2 Answers | Add Yours
The above post makes an excellent point. Johnny idolized Dally, comparing him to the "gallant" Southern gentleman in Gone With the Wind:
"'I bet they were cool ol' guys,' he said, his eyes glowing, after I had read the part about them riding into sure death because they were gallant" (76).
Later when Johnny and Ponyboy rush into the burning to church to save the children, Ponyboy catches Johnny grinning at him and observes:
"He wasn't scared either. That was the only time I can think of when I saw him without that defeated, suspicious look in his eyes. He looked like he was having the time of his life" (92).
Johnny loses his defeated look in the heat of the moment, because he for the first time in his life, he feels gallant, like the old Southern gentlemen in Gone With the Wind and like his idol, Dally. Johnny is used to being beat up by the Socs or his father, and usually being the one that has to be rescued. Now, he is the one doing the rescuing, and for Johnny, that feeling is empowering. Even though his life is in danger, Johnny Cade feels the rush that comes with bravery and selflessness, knowing that he is doing something to help others in need.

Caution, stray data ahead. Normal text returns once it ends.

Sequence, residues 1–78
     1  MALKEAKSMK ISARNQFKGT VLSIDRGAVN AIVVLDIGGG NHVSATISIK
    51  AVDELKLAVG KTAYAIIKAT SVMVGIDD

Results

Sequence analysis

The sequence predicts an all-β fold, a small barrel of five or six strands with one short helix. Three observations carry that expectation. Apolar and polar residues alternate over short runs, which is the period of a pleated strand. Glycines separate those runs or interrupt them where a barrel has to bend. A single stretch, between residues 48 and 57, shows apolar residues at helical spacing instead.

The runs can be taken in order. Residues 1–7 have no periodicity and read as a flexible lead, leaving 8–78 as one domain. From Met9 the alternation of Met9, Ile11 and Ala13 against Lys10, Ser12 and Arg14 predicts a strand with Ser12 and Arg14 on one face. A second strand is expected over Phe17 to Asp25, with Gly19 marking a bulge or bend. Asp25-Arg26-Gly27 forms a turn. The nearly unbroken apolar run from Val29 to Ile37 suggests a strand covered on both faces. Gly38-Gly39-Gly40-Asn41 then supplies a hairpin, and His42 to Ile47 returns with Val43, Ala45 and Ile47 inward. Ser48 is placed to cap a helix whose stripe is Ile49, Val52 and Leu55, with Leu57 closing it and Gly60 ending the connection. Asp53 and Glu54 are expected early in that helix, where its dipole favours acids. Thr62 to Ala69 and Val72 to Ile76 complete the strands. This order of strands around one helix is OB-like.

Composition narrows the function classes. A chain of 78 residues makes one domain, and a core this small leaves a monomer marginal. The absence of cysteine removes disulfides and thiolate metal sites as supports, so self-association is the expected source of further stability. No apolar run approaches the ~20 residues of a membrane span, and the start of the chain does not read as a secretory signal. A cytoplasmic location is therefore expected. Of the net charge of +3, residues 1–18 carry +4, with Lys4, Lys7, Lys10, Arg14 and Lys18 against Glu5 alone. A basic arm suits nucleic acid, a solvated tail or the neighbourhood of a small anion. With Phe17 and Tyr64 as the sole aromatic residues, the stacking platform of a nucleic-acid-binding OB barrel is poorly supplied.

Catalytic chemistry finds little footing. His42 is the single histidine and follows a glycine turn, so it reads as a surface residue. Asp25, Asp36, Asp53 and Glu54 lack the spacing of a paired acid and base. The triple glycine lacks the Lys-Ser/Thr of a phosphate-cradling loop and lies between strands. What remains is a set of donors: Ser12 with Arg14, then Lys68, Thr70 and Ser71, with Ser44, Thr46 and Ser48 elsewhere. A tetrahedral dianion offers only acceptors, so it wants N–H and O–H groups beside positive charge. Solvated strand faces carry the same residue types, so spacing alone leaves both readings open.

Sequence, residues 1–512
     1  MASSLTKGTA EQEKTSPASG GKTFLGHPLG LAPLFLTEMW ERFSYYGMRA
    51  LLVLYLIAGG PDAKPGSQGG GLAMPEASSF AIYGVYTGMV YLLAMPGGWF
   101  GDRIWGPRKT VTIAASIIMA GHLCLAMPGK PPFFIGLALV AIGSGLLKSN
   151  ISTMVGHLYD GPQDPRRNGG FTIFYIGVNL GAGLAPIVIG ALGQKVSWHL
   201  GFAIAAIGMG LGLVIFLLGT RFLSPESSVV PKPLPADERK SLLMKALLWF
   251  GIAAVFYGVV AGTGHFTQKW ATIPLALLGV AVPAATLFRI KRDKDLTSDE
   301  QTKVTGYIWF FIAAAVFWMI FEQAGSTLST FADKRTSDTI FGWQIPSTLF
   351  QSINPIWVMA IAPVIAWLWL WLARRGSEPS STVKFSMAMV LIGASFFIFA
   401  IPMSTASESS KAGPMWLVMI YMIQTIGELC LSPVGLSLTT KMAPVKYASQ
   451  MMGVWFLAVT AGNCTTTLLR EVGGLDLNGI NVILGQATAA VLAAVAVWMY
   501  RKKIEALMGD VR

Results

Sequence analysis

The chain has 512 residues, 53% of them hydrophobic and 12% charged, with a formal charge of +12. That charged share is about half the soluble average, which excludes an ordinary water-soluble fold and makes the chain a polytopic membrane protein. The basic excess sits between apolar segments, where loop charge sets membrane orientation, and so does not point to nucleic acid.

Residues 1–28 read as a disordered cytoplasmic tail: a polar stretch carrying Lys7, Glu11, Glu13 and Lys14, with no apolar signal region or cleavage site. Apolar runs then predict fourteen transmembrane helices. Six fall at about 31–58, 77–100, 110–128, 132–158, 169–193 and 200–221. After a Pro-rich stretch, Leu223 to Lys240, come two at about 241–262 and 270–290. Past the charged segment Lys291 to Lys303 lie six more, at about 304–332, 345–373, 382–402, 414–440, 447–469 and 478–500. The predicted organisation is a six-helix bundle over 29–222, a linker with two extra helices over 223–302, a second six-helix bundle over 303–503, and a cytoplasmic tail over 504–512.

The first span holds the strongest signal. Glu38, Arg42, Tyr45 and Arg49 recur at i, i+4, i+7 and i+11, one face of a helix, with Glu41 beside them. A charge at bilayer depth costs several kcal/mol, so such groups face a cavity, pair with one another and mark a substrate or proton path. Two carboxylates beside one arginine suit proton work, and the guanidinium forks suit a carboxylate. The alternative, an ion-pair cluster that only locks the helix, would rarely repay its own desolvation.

While Ponyboy was reading Gone With the Windto Johnny, Johnny makes the remark that the men are gallant, riding off into battle knowing that they will never return (and that Dally is somewhat like them). His view is somewhat changed after that and led to him deciding to run into the church and save the children. Johnny always saw Dally as a rolemodel and wanted to be like him and so saving the children was his way of being a hero. He knew he was doing the right thing no matter what the cost and so he had no reason to feel defeated or be mistrustful.
We’ve answered 319,849 questions. We can answer yours, too.Ask a question